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Poor put-upon Bertie is still struggling to escape his overbearing mother's influence, his yoga lessons and his pink bedroom while wondering why new baby brother Ulysses looks uncomfortably like his psychotherapist. The insufferably handsome Bruce has returned from London to land, on his feet and rent-free, in the arms of heiress Julia Donald. But all is not well among the residents of 44 Scotland Street: Angus's dog and constant companion Cyril is under threat of execution, victim of a miscarriage of justice, while pretty, indecisive Pat and hopeless romantic Matthew are on the verge of making the most terrible mistake of their lives . . . Big Lou finds a new man, Matthew and Pat edge their relationship towards something more permanent - although this development is not without complications, when a glimpse of someone who just might be her handsome, caddish ex-flatmate Bruce sets Pat's pulse racing - and Domenica's friendship with Antonia is tested to the limit when an assortment of her belongings mysteriously appear in Antonia's new flat.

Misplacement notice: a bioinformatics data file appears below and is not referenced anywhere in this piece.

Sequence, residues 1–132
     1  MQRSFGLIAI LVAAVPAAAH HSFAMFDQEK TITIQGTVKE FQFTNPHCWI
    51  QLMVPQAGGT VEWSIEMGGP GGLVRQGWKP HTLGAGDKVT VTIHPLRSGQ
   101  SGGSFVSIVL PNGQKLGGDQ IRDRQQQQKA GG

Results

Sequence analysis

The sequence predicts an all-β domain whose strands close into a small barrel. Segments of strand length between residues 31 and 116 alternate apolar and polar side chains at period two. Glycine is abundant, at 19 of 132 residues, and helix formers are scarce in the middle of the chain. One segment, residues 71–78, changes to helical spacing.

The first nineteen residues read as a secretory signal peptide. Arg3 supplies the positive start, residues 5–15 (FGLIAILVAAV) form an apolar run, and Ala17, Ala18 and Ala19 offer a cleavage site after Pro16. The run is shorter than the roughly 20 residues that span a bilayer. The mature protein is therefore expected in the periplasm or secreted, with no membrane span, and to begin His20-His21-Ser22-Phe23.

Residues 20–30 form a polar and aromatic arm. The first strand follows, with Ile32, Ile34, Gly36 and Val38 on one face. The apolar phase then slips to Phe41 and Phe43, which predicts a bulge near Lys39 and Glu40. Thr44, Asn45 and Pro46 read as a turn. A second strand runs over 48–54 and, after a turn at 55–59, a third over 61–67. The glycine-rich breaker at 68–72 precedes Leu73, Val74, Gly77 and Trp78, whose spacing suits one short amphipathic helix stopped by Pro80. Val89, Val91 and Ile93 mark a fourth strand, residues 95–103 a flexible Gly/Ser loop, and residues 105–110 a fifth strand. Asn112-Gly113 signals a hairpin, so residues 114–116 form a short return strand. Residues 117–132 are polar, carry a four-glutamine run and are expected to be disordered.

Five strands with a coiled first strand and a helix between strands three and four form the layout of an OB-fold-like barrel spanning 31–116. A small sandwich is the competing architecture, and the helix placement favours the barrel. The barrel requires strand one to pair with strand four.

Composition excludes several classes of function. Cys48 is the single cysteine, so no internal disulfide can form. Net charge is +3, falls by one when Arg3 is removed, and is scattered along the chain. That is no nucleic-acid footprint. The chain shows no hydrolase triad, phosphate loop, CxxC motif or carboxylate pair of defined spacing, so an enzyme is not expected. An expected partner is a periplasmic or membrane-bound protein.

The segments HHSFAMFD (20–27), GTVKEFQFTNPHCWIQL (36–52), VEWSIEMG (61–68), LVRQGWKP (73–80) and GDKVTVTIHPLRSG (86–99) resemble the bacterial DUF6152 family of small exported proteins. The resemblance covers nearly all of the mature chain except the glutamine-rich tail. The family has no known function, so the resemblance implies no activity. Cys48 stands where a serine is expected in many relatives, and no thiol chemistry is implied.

Smith delivers yet another delightful installment to his Scotland Street series. This time out, he focuses mostly on the irrepressible Bertie Pollock, a precocious six-year-old whose mummy, Irene, forces him to play a saxophone, converse in Italian, do yoga and see Dr. Hugo Fairbairn, a psychotherapist who looks a lot like Bertie's baby brother, Ulysses. As Bertie struggles to accommodate his nutty mummy and new brother, another crisis explodes for artist Angus Lordie, whose beloved dog, Cyril, has been thrown in the pound for biting someone. Cyril is innocent, and Angus, with Bertie's assistance, sets out to rescue Cyril before he's put down. Subplots abound, and Smith details with dependable whimsical flair the romantic progress of Scotland Street familiars Matthew, Pat and Bruce. Series fans know what to expect, and they get it by the truckload.